When I started putting this piece together, I honestly expected to come to a completely different conclusion than I ultimately did. I am an avid Timberwolves fan, and have followed every single move David Kahn has made since his hiring in May of 2009. I’ll be honest, I was an irrational optimist at the time of Kahn’s hiring. I naively overlooked his non-existent credentials and spotty résumé and chose to believe that Wolves’ owner Glen Taylor had unearthed an evil genius from the bowels of the D-League and the fringes of the basketball universe. Yes, I am embarrassed to admit this today, if not for how paper-thin Kahn’s résumé really is, but for assuming that Taylor had made a savvy, basketball-centered move, and not a money-saving, penny-pinching one. I was wrong.
The general defense of David Kahn goes something like this:
He is cap space guru. He was brought in to make smart business decisions and rid the Wolves’ payroll of bloated contracts paid to middling players. He has done an exceptional job in this regard, mainly through an inordinate amount of trades. Kahn has struggled quite a bit as a talent evaluator, most notably selecting Syracuse’s Jonny Flynn over Davidson’s Stephen Curry with the sixth overall pick in the 2009 NBA Draft. But since he has teamed with Rick Adelman and Co., Kahn has again made a number of solid trades. As long as Team Adelman is around to assist him, Kahn will be just fine moving forward.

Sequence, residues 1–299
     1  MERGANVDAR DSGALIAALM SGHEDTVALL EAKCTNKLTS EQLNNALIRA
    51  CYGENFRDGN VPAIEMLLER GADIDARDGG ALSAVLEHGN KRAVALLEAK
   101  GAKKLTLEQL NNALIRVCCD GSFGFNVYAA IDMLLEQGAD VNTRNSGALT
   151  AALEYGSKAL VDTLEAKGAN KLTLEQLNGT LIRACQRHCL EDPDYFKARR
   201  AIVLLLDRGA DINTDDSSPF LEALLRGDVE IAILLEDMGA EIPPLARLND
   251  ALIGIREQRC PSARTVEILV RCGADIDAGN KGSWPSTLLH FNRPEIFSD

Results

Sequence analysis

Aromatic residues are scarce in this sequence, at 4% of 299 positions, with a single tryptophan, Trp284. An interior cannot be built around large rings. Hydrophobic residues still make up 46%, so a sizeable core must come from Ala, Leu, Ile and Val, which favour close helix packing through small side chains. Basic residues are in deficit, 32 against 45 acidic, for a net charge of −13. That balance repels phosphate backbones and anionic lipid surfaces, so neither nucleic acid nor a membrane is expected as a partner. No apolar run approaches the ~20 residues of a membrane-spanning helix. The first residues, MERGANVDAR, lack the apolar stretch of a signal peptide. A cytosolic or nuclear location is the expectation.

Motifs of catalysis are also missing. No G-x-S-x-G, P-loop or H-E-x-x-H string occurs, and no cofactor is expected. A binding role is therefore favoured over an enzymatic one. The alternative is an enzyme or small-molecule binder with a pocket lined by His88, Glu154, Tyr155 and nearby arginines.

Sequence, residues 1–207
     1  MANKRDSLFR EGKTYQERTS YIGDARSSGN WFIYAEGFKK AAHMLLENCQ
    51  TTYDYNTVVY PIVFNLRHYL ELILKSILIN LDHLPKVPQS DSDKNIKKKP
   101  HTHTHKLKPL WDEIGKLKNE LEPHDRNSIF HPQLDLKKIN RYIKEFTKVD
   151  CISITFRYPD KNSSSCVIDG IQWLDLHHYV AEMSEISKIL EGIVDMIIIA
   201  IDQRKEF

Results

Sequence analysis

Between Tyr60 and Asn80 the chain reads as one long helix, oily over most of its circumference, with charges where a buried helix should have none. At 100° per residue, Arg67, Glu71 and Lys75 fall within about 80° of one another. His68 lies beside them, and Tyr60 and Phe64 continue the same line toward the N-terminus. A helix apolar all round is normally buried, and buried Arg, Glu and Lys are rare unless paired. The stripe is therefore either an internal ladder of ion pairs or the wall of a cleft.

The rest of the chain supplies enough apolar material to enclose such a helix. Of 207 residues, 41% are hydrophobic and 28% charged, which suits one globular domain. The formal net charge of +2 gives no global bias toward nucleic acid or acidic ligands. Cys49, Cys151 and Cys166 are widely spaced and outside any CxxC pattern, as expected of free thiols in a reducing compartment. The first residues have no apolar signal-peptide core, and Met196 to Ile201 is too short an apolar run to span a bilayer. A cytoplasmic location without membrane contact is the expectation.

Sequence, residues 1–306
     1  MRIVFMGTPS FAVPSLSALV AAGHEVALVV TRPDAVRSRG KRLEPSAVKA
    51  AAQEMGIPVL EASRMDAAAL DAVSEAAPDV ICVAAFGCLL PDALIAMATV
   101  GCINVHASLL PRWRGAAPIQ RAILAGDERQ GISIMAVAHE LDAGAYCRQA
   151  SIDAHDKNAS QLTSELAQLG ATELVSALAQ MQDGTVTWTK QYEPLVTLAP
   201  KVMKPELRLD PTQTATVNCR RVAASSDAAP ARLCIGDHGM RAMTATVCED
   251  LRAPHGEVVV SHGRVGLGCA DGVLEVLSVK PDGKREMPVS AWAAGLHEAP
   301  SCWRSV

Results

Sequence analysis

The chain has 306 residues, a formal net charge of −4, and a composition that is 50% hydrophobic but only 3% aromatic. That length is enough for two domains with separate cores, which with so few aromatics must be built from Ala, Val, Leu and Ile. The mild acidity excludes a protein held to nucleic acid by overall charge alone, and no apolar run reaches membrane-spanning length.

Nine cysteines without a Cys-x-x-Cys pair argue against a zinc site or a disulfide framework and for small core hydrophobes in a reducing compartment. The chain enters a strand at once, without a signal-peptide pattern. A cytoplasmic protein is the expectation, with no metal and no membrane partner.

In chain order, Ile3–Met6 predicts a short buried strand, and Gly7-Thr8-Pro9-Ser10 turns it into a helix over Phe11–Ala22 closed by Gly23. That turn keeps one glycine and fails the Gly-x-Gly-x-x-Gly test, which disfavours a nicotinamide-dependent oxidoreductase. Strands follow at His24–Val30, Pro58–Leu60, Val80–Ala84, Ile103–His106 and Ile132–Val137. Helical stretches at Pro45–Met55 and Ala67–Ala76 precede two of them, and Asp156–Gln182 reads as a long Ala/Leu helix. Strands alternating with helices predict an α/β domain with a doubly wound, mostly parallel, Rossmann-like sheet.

I know this argument well. I had convinced myself that Kahn had a blueprint for where he wanted to go; where the Minnesota Timberwolves would be in ‘x’ amount of years. The national media was biased against the small market Wolves, and Kahn would prove them wrong someday. To be fair, I still stand by some of these arguments. A great number of the national media’s tired storylines ripping the Wolves and David Kahn were truly awful. But the media was largely right, even if their bullet points were poor and the majority of the reasons given for why Kahn was incompetent were misguided, or even completely wrong in how they were presented.
I looked at every trade made by Kahn since he was hired in May of 2009. All twenty-five of them. A significant number were of the neutral variety, and can either be classified as low-risk deals that had close to zero long-term affect on the organization, or as simple housekeeping moves. (Kahn made a number of these deals early on in his tenure, swapping numerous veteran players back-and-forth to seemingly every team in the league)